“Right after we got there,” she says, “a woman pumping gas asked what was going on. After we explained, she stopped pumping gas and said, ‘Oh, I won’t come here anymore,’ and drove off.”
Fifelski and her colleagues were among more than 50 groups across the country who rallied against Exxon this summer, urging their members and the public not to purchase ExxonMobil’s gasoline or other products, invest in ExxonMobil stock, or work for the company.
Why? For starters, there’s the $12 million ExxonMobil has spent to fund “climate skeptics” who proclaim that global warming science is “uncertain.” And then there’s ExxonMobil’s active support of drilling in the Arctic National Wildlife Refuge. Last but not least, ExxonMobil has refused to pay $4 billion in punitive damages to fishermen, natives, and others harmed by the 1989 Exxon Valdez spill.
Exxpose Exxon grew out of discussions after the elections, says Dave Hamilton, the Sierra Club’s director of global warming. “With the Congress even worse than last year, we wanted to take a new look at what people could do and Exxon absolutely exemplified what’s wrong with our energy policy and the politics around energy.”
Hamilton says the campaign is not a boycott, which specifically intends to affect the bottom line of a company, but it’s aimed at educating the public about all the ways “Exxon is working in their own interest and against the national interest.”
“For example, it’s in our national interest to reduce dependence on oil and protect the environment,” says Hamilton. “Exxon is actively working against those goals.”
In a May Reuters story, Exxon spokesperson Scott Nauman dismissed renewable energy as “an uneconomic niche” that the company would not be investing in.
Like other Club organizers, Fifelski started her day by delivering a letter to the manager of the gas station to let him know why the protesters were gathering. “He was just ‘whatever,’ but after a bunch of people came and went and we handed them our literature, he called me inside and said the station owner was on the phone and wanted to talk to me. The owner was unaware that ExxonMobil was part of Arctic Power and in support of drilling the Arctic, and when I asked him if he’d be willing to write a letter to Exxon, he said he would.”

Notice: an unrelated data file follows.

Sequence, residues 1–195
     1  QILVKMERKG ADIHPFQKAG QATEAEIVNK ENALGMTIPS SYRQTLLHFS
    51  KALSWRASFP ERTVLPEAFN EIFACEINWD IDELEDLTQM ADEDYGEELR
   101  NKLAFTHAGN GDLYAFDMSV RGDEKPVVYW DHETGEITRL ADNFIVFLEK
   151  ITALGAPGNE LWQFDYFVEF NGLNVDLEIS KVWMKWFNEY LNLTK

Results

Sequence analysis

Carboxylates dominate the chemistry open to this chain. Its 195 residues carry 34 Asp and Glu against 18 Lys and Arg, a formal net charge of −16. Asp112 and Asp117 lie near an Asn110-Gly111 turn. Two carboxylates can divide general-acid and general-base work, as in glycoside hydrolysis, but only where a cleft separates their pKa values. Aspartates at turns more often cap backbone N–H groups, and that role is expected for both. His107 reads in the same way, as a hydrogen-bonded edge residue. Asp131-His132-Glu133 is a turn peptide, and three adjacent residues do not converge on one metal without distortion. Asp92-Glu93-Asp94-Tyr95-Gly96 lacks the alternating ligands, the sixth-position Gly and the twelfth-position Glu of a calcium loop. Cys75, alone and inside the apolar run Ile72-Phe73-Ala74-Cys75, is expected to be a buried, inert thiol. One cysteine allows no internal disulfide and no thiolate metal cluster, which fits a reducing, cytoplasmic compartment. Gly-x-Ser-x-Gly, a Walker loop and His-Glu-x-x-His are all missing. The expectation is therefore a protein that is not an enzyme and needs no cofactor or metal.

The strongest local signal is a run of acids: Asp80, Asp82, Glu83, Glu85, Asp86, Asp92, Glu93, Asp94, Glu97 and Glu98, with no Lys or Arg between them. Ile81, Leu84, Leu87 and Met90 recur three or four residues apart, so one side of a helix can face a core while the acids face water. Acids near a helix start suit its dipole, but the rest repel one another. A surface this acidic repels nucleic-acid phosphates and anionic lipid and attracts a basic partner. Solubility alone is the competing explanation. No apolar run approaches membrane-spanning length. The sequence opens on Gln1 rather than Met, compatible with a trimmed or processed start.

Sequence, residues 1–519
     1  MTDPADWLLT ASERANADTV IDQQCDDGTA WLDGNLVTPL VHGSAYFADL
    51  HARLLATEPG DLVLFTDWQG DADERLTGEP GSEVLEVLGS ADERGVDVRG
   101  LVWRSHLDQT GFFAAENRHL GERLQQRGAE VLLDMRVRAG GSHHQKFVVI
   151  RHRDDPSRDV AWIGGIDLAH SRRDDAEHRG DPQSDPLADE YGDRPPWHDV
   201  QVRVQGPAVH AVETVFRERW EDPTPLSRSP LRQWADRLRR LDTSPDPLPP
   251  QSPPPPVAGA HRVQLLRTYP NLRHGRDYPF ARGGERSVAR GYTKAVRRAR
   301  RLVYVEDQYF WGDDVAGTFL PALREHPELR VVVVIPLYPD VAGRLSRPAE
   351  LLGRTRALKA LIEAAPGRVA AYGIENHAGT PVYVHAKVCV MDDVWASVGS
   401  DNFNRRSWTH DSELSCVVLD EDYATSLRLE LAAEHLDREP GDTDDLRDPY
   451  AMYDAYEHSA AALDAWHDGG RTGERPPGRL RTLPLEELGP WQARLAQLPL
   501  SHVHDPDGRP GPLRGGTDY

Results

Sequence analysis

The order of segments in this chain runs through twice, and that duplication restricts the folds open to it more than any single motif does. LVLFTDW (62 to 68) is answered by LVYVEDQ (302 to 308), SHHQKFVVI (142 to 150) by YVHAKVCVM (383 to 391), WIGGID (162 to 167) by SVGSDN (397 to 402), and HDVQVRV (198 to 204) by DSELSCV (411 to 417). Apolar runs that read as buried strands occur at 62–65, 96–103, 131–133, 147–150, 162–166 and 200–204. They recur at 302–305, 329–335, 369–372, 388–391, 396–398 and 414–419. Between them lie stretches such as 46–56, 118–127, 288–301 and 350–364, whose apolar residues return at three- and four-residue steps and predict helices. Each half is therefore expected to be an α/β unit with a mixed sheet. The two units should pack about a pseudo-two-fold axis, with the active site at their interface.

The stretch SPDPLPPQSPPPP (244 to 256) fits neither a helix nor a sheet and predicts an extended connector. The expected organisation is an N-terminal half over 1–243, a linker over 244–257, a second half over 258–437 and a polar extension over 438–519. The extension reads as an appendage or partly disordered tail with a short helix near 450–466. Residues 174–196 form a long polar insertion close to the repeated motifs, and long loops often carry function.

Club organizers all over the country garnered positive responses from passersby. In Atlanta, says organizer Natalie Foster, protesters leafleted at a downtown Exxon station, chanting, “The word is out, the heat is on. We want the truth, expose Exxon.” In Colorado, where the only two Exxon stations are near Durango, the coalition focused on a “Don’t Invest in Exxon” theme, rallying in front of Union Station at the foot of Denver’s “Wall Street.” In Little Rock, the Exxpose Exxon campaign mounted an oil derrick on the Capitol steps. The Exxpose Exxon coalition, which includes the Sierra Club, Union of Concerned Scientists, Alaska Wilderness League, and nine other groups, also released a report—“ExxonMobil Exposed: More Drilling, More Global Warming, More Oil Dependence.”
A few days after the Exxpose Exxon campaign kicked off, ExxonMobil announced second quarter earnings of almost $8 billion. “Don’t ask ExxonMobil what we should do about global warming or oil dependence,” says Hamilton. “They like things just fine the way they are. Meanwhile, Americans continue to lack real energy alternatives and ExxonMobil continues to pull the strings of America’s energy policy.”
In August, ExxonMobil CEO Lee Raymond announced he would retire at the end of the year. Whether this will make a difference in Exxon’s practices is too soon to tell, but as Andrew Logan, oil program manager at CERES, a coalition of investors and environmentalists, told Reuters, “You couldn’t imagine anyone worse on the issue of climate change than Lee Raymond, so there’s really nowhere to go but up with his successor.”
photo by Jennifer Rudolph Nance
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